This was originally published on Tim Sackett’s blog, The Tim Sackett Project.

Tim Sackett, MS, SPHR is Executive Vice President of HRU Technical Resources , a contingent staffing firm in Lansing, MI. Tim has 20 years of HR and talent background split evenly between corporate HR gigs among the Fortune 500 and the HR vendor community – so he gets it from both sides of the desk. A frequent contributor to the talent blog Fistful of Talent, Tim also speaks at many HR conferences and events. Contact him at sackett.tim@HRU-Tech.com .
  • http://www.coreyjf.com Corey Feldman

    I agree to a point. Individual starts don’t always make for star leaders. But you do have to balance that with succession planning. That star coder might have greater aspirations. Find ways to test his/her abilities in a leadership position so you can promote from within. Potential growth in a company will always be a draw. 

  • MM

    The team I lead recently gave me low scores because I don’t know how to do every job they do. I did not attain this supervisory position by coming up through the ranks and because of this, they simply don’t trust that I know what I’m doing. They failed to acknowledge my strong points of passion, integrity and courage to face challenges in our department. They also gave no credit for the positive changes that have been made under my direction. They do, however, expect me to be able to jump in and do their jobs even though I’ve never done what some of them have been doing for 20+ years. It’s a difficult place to be – between a rock and a hard place at times. I will continue to work on the leadership traits listed above, while at the same time learning the functional skills my team expects me to have.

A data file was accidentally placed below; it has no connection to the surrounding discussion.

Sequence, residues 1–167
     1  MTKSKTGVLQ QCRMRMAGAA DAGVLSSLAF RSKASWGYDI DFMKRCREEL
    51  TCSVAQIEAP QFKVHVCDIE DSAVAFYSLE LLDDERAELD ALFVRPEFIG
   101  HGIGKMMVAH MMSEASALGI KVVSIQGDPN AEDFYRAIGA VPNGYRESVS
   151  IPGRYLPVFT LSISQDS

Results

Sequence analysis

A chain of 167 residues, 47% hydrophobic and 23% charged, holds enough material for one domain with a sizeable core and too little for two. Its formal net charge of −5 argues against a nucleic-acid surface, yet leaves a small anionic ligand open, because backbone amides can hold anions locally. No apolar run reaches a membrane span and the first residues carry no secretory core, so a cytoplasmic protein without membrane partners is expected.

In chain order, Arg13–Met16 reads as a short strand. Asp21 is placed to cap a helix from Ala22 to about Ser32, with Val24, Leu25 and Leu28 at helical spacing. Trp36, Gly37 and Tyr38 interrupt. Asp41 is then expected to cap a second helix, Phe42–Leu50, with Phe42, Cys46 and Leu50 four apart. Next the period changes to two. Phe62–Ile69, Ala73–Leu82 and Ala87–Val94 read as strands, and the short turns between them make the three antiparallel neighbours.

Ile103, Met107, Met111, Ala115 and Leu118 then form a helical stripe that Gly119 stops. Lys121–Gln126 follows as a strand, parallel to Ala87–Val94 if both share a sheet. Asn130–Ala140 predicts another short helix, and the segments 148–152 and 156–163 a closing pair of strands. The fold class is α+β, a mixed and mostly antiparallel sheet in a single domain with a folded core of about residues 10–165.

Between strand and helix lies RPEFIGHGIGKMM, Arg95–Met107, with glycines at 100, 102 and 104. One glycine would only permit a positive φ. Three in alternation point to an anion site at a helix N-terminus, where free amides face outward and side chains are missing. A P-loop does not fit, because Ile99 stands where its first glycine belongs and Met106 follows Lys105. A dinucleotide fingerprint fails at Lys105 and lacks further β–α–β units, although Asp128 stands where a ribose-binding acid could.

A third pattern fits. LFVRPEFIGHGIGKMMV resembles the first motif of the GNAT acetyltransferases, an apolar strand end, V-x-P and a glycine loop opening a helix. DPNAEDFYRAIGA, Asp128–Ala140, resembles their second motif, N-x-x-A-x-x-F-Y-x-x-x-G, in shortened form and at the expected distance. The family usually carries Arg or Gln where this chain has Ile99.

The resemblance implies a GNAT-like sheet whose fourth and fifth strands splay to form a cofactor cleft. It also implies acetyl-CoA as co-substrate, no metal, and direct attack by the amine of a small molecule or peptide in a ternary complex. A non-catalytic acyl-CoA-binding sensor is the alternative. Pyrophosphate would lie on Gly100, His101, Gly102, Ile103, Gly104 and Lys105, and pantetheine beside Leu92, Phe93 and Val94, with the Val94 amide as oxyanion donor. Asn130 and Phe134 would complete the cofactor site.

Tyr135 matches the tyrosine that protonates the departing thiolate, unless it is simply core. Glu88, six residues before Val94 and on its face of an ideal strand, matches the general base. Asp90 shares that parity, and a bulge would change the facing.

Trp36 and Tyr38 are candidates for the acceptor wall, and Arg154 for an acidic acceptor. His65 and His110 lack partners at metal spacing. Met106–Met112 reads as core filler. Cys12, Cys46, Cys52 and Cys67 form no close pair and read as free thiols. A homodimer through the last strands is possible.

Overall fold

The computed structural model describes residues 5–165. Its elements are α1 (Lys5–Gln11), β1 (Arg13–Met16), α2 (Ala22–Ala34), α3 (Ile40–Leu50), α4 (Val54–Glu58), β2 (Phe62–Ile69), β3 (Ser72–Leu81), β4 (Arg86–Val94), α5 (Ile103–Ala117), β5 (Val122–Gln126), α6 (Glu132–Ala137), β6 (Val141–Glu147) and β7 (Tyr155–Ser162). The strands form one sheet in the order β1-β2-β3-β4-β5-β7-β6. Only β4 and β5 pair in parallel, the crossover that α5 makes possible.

• http://twitter.com/TimSackett Tim Sackett

       MM –

      Very typical reaction to a new leader coming in that doesn’t have the current skill sets of the of group they are leading.  I think the best way to address this is by being very obvious out it up front as you transition in.  “You’re right – I can’t do your job – that’s why we have you, but here’s what I can do to help you do your job better…”  Set the expectation immediately that you weren’t brought in to do their jobs, otherwise you wouldn’t need them – would you!

      I do think you have to have an overall understanding of how the function you lead impacts the business – but specific functional skills at certain leadership levels no longer become the most important attribute of a great leader.

      T

  • cdinoz

    I was once told my a senior manager of a business that “You may be great at your job, the customer may even love you, but if you don’t network and you don’t manage up, you will never get ahead”

    Sadly, this manager was right. Results did not matter, whether they were customer service scores, staff satisfaction scores or financial results. If you showed initiative, made a decision without a committee, and earned the respect of your immediate subordinates – these traits were ignored.

    I saw many many “managers” in this particular industry promoted because they attended all the right company events, laughed at all the right senior managements jokes, and “played the game”.

    Now I work as a supplier to this industry (a business where results actually count), I still see many many people in roles who clearly have little to no clue as to what the business is doing, and how it operates. They just networked well.